Community-based tourism (CBT) has proved a popular and resilient idea, a “good thing,” this despite its lack of success in delivering community benefits. Tourism is 10% of global GDP, a major sector of consumption, there must surely be potential to create decent livelihoods and “shared value” for local communities from it. A local community which engages with tourism is effectively exporting, making sales beyond its immediate boundaries, often internationally, and the consumer comes to the producer bearing their own travel costs. Tourism brings additional economic demand often to remote and marginal areas.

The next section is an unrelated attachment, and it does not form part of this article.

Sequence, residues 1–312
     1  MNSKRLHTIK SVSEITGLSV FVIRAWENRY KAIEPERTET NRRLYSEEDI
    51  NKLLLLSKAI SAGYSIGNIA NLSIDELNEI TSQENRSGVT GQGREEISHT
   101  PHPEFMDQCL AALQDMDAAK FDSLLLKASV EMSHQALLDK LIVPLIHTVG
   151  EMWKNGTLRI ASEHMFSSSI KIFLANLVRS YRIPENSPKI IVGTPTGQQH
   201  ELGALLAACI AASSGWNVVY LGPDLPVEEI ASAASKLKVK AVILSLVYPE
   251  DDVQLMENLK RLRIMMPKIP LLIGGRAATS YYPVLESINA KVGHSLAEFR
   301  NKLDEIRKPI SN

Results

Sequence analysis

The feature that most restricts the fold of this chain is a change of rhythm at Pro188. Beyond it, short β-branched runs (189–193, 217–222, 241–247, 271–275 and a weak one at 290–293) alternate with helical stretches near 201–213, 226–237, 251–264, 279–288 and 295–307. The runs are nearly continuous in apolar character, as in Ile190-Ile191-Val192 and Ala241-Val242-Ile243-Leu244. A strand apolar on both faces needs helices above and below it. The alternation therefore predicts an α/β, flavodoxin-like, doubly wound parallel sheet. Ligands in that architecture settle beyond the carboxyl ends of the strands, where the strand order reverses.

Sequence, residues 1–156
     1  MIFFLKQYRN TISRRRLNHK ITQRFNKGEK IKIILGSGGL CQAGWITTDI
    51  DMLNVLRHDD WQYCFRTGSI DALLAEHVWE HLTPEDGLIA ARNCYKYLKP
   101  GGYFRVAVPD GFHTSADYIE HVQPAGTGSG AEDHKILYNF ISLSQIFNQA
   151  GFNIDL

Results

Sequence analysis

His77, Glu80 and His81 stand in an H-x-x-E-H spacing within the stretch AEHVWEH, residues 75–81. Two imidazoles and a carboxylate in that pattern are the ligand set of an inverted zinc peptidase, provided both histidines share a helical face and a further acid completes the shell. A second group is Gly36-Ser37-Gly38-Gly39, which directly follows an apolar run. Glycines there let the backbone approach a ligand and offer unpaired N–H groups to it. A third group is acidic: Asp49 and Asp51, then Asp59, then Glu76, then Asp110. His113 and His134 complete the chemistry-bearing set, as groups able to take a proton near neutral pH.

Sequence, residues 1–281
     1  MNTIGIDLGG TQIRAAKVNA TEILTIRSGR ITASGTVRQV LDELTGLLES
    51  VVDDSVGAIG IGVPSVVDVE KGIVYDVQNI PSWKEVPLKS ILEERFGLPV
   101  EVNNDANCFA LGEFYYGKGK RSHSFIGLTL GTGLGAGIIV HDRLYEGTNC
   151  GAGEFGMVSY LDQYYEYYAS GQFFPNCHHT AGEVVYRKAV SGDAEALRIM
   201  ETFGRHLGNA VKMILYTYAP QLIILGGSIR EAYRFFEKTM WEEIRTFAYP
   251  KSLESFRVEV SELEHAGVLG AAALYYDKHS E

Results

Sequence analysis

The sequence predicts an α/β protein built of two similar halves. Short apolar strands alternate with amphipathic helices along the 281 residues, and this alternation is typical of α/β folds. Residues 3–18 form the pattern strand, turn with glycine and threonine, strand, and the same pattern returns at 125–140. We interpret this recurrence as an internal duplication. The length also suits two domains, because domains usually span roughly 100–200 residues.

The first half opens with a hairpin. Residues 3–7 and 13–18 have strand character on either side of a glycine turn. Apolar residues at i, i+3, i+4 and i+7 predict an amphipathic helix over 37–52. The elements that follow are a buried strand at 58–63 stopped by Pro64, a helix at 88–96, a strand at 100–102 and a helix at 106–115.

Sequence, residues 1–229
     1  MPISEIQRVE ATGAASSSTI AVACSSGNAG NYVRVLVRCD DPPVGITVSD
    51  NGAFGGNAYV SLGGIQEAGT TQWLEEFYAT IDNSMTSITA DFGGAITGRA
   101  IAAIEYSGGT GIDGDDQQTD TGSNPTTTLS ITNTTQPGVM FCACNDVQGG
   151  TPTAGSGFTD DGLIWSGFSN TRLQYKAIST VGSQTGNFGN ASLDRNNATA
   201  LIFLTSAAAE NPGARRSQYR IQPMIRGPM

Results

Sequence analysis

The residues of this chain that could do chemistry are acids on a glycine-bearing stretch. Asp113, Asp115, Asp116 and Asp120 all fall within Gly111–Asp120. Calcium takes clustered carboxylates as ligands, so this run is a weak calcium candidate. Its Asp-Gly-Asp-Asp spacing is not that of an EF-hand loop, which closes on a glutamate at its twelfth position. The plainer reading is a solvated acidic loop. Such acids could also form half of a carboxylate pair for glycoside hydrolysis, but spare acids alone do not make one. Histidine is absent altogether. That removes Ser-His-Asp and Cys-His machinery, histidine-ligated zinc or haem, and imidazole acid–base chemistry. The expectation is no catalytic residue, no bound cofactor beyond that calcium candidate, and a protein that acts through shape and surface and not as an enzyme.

CBT is best defined as “tourism owned and /or managed by communities and intended to deliver wider community benefits.” Developing a business in a community on a sufficient scale to benefit the whole community is challenging and very few initiatives are successful, the failure rate is high. The work of the Pro-Poor Tourism Partnership identified the ways in which tourism could be used locally to benefit the economically poor and there were a few successful initiatives, but there are very few examples where the benefits can be quantified.